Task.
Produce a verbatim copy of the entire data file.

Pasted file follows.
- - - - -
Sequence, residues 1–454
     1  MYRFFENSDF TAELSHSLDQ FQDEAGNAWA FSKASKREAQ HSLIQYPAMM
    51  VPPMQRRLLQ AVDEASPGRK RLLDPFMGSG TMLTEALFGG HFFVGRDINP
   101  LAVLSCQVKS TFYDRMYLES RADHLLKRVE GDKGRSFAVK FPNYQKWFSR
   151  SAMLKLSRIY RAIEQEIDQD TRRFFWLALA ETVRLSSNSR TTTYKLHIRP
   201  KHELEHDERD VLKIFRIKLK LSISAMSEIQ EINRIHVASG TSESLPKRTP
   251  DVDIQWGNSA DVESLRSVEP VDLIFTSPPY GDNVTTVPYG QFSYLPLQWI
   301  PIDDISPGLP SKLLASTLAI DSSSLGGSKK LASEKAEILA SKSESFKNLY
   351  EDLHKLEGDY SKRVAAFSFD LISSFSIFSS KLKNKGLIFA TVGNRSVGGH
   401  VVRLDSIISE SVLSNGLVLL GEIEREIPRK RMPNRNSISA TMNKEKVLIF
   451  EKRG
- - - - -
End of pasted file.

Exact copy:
Sequence, residues 1–454
     1  MYRFFENSDF TAELSHSLDQ FQDEAGNAWA FSKASKREAQ HSLIQYPAMM
    51  VPPMQRRLLQ AVDEASPGRK RLLDPFMGSG TMLTEALFGG HFFVGRDINP
   101  LAVLSCQVKS TFYDRMYLES RADHLLKRVE GDKGRSFAVK FPNYQKWFSR
   151  SAMLKLSRIY RAIEQEIDQD TRRFFWLALA ETVRLSSNSR TTTYKLHIRP
   201  KHELEHDERD VLKIFRIKLK LSISAMSEIQ EINRIHVASG TSESLPKRTP
   251  DVDIQWGNSA DVESLRSVEP VDLIFTSPPY GDNVTTVPYG QFSYLPLQWI
   301  PIDDISPGLP SKLLASTLAI DSSSLGGSKK LASEKAEILA SKSESFKNLY
   351  EDLHKLEGDY SKRVAAFSFD LISSFSIFSS KLKNKGLIFA TVGNRSVGGH
   401  VVRLDSIISE SVLSNGLVLL GEIEREIPRK RMPNRNSISA TMNKEKVLIF
   451  EKRG